Snow Crash (Neal Stephenson): It depresses me that there’s a market for a book this bad. I slogged through the whole thing, but oh my God it was painful. What kept me going was the sprinkling of brilliant passages, and the occasional brilliant chapter — and when they were brilliant, they were very very brilliant. (Also, the vision of future technology, though dated, was clever and insightful.) But there was precious little of that, compared to the endless passages that made me feel like I was trapped in a theater, watching a really really bad movie directed by a no-talent hack who thought he could make me care about the heroine trapped in the basement by dragging the scene out for twenty minutes.
The Sunlight Dialogues (John Gardner): In my 20s, John Gardner was my favorite author and the Sunlight Dialogues was one of my favorite books. I decided to read it again, and gave up a quarter of the way through. Part of what drove me crazy was my inability to distinguish among the various characters named “Hodge”; there would be long passages about what “Hodge” was up to, and I could never figure out whether this was Hodge the father, Hodge the son, Hodge the brother, or (for all I know) Hodge the Holy Ghost. I do not remember having this problem back in my 20s, so I suspect the fault lies not in the book but in the aging brain of the reader.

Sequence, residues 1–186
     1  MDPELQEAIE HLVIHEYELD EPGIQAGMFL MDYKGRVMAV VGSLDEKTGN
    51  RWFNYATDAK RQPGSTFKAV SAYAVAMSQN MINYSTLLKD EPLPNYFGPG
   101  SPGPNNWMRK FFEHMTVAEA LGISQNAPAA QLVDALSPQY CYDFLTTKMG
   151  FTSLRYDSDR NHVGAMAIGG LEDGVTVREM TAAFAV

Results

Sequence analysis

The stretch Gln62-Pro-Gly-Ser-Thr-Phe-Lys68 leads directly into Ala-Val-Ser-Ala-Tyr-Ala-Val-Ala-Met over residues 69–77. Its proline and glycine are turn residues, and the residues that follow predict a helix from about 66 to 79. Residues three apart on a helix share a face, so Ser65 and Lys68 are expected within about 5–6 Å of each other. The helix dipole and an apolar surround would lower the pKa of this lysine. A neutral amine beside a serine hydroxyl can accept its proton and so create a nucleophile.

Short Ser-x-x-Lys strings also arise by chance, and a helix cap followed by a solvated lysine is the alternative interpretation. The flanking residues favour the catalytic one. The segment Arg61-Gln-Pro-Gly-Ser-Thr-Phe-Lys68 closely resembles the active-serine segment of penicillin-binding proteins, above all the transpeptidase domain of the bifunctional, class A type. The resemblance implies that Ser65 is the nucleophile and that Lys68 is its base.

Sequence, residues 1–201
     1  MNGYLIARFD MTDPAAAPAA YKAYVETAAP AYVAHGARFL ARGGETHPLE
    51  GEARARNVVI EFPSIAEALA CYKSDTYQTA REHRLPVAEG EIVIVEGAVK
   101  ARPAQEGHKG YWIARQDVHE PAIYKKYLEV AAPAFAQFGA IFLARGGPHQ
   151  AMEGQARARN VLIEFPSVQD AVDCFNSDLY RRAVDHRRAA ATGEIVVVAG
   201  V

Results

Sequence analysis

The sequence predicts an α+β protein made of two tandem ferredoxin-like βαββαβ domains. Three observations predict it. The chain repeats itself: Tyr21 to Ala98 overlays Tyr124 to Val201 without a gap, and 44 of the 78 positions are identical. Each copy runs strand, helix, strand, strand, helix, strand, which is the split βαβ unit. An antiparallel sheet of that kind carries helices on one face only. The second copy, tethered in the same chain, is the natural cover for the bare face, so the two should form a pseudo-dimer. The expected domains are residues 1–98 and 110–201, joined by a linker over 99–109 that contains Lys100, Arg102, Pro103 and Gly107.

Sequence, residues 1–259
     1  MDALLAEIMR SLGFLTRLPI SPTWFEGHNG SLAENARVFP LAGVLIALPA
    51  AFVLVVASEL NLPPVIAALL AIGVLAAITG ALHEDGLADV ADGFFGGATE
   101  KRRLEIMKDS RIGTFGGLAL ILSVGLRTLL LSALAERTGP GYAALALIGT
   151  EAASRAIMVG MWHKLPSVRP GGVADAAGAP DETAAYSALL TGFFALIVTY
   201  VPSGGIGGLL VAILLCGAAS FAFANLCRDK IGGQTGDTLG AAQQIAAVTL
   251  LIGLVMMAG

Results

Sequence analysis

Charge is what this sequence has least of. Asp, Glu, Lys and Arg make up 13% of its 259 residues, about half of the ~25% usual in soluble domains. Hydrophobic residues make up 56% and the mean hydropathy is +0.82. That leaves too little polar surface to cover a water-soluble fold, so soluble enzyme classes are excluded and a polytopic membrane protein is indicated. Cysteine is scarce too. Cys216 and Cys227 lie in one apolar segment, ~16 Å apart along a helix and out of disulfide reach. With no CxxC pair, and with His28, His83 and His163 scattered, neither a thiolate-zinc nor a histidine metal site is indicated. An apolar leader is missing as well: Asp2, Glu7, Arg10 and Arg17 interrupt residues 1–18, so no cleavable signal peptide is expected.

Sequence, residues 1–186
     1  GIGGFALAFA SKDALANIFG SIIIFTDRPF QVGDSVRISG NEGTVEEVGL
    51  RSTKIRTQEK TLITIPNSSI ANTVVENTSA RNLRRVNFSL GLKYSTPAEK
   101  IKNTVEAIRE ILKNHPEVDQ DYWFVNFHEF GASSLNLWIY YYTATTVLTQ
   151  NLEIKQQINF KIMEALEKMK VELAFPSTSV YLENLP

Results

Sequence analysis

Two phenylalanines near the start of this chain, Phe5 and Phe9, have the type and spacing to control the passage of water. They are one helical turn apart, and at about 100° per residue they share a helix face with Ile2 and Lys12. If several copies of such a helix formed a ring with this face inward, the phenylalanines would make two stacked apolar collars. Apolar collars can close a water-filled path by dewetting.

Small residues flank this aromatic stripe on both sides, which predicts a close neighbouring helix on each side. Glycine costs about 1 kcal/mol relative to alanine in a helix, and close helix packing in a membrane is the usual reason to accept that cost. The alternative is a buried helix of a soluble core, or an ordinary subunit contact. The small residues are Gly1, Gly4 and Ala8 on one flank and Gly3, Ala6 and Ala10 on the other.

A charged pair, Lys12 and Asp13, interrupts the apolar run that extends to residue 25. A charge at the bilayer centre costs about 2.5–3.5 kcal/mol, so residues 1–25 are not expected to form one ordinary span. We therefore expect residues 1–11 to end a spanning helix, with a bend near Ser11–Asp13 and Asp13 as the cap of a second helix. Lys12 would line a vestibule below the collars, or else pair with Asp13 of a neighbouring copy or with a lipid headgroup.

Tom Jones (Henry Fielding): Loads of fun.
Young Lonigan and The Young Manhood of Studs Lonigan (James T. Farrell): The first two books in the Studs Lonigan trilogy. The tone is as unlike Edith Wharton as you can get, but there’s the same sense of looking back on a time when people wore different blinders than they do today (in Wharton’s case, the upper crust WASPs in 1870′s New York; in this case the working class Irish in early 20th century Chicago). Farrell made me want desperately to jump into the action and guide these people toward a better way to be. Good enough to make me want to read the third part of the trilogy, but not good enough to make me want to read it immediately. The (clearly deliberate) choppiness of the writing kept taking me aback; sometimes it worked, sometimes it didn’t.